So-called "smart cards" are now common among major credit card issuers. They make shopping easier and faster for the holder and can add additional protection against traditional forms of credit card theft. Some users and identity theft watchdogs, however, raise an alarm about the safety and security of the information embedded in the card.
What Is an RFID Credit Card?
Radio Frequency Identification (RFID) technology is now embedded in the cards of most major issuers. Information about the card and its owner is embedded in a tiny microchip in the card. The card can be read by remote machines without being touched by the vendor. Most cards have to be within a few inches of the reader to work, but there is concern that cards can be read by remote machines carried around by identity thieves.
There are several benefits to the new smart cards. Because the card never leaves your sight at a store, cashiers are less able to steal your information by swiping your card twice. It is also more convenient and takes less time to check out at a store.
How Your Credit Card Info Can Be Stolen
According to several identity theft experts, there is a risk that your card can be read remotely by someone standing beside you with a monitor. Radio frequency data can be transmitted through most conventional wallets, even if it is in your pocket or purse. You may never know that your microchip has been scanned, as it is possible to do it with small readers that fit in a pants pocket. If thieves are able to capture your credit card number, name and address, they either can make purchases with the information online or can embed the information in new fake cards.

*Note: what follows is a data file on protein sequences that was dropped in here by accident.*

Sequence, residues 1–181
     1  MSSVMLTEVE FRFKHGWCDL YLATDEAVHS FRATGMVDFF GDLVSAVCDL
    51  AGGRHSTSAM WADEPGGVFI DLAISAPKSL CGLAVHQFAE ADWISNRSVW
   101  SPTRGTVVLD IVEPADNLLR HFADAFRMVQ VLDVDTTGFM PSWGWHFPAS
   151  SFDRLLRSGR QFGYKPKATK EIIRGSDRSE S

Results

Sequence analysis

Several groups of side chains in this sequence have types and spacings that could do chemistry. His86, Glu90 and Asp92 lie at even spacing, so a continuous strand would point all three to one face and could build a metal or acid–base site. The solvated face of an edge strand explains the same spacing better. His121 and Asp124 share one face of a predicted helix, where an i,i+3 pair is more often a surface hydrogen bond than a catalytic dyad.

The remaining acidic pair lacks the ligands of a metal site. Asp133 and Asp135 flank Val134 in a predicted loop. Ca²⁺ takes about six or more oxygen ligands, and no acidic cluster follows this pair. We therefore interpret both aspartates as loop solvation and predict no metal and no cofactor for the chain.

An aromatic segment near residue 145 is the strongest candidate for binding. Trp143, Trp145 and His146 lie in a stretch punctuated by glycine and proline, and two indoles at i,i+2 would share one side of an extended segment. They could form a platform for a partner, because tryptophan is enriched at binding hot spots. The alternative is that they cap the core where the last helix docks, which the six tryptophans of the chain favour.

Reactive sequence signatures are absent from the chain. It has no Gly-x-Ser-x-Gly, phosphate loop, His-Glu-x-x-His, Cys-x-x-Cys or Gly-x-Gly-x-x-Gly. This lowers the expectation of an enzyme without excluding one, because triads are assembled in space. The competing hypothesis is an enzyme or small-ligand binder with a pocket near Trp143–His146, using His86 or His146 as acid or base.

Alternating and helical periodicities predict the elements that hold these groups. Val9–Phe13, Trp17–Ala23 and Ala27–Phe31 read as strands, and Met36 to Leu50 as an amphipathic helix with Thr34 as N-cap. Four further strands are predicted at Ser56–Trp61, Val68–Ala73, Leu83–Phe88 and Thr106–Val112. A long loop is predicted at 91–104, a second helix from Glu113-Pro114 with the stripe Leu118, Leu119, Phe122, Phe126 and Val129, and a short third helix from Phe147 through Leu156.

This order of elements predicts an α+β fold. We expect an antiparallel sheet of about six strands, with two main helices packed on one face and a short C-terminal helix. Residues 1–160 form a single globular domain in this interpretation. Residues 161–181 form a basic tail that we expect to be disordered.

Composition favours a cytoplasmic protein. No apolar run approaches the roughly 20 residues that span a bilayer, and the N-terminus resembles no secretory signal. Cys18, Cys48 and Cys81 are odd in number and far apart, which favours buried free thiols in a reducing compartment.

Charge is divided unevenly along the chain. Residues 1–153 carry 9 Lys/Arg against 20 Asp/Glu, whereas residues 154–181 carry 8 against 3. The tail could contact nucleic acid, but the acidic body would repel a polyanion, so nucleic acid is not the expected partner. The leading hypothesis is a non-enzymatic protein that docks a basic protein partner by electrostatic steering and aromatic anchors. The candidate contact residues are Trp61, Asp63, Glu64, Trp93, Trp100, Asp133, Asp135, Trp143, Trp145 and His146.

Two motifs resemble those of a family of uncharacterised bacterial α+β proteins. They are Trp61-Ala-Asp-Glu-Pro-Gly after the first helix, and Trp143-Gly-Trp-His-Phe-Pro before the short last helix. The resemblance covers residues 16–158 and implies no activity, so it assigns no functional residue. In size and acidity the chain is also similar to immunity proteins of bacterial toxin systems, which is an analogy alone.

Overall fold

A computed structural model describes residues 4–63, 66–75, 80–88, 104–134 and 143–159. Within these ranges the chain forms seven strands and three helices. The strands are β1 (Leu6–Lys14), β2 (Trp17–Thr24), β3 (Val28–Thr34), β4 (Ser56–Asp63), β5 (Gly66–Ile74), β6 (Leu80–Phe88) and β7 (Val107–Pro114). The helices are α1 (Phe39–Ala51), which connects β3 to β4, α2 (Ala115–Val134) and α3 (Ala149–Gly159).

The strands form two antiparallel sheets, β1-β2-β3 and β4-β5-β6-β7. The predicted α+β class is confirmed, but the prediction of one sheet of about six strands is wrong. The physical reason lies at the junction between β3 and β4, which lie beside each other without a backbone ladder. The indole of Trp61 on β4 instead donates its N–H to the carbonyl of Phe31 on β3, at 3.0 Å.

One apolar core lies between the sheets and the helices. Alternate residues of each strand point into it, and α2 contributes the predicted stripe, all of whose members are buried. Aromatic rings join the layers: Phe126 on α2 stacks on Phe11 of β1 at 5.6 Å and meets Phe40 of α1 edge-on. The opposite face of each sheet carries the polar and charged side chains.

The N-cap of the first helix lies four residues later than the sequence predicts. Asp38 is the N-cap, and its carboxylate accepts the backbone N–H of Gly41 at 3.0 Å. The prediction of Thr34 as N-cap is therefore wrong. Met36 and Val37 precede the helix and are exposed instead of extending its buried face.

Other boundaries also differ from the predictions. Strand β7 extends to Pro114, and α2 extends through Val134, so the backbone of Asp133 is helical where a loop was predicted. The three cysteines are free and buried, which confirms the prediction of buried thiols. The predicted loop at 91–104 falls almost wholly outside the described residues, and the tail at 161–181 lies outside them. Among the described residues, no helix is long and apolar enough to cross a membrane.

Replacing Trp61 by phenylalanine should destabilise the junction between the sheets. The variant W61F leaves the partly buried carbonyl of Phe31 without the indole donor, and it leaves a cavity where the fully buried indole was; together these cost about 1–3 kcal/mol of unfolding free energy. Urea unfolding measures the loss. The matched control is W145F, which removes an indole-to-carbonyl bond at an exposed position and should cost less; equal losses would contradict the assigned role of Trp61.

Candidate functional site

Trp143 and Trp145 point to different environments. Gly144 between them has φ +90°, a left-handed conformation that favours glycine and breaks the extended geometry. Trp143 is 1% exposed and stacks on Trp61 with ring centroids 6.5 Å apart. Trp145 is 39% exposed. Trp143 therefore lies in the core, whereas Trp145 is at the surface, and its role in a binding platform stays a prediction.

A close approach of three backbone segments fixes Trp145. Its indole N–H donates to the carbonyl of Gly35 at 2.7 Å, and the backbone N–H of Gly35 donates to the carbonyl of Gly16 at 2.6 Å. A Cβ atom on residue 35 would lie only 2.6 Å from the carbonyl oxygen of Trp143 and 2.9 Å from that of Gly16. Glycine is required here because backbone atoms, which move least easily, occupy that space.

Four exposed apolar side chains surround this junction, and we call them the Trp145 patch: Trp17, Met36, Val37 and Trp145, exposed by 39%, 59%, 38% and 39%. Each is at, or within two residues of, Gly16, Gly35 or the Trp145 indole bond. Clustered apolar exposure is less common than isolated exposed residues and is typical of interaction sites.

In 2007, a group of researchers from the University of Massachusetts, RSA Laboratories and Innealta, Inc. purchased two RFID readers and experimented with around 20 credit cards from several different issuers. They concluded that the technology was vulnerable to attack in the transmission of the information and that personal identification was susceptible to theft. They noted that, as the technology matures, future versions would likely beef up security and be less prone to theft. Data stored on many of the microchips is now encrypted, meaning that not only do thieves have to capture the information, but also they have to break the encryption code in order to be able to use the information.
Your best protection against identity thieves is to review credit card statements and bank statements regularly, in order to spot any unauthorized charges. In most situations, the credit card issuer will refund any theft on your card, as long as you report it soon after the event. To avoid having your financial information stolen in the first place, you can purchase one of the many RFID-proof wallets on the market. Popular Mechanics tested some of these wallets and they worked to shield credit cards from remote reading.
These wallets create a so-called Faraday cage, which stops radio frequencies and electro-magnetic pulses from traveling in or out of the shield. Some of the wallets are made of aluminum and some of a nickel-impregnated material. The metal in the wallets keep the readers from accessing the data on the chip. For those with smaller budgets, many people swear by lining a wallet with aluminum foil. The cards can still theoretically be read when you have it out of the wallet and when using it for a legitimate transaction.
The Bottom Line
As financial transaction technology progresses, so too will the methods used in stealing financial information. An RFID-blocking wallet can offer some protection over the new smart cards, but common sense and vigilance is still the best form of protection.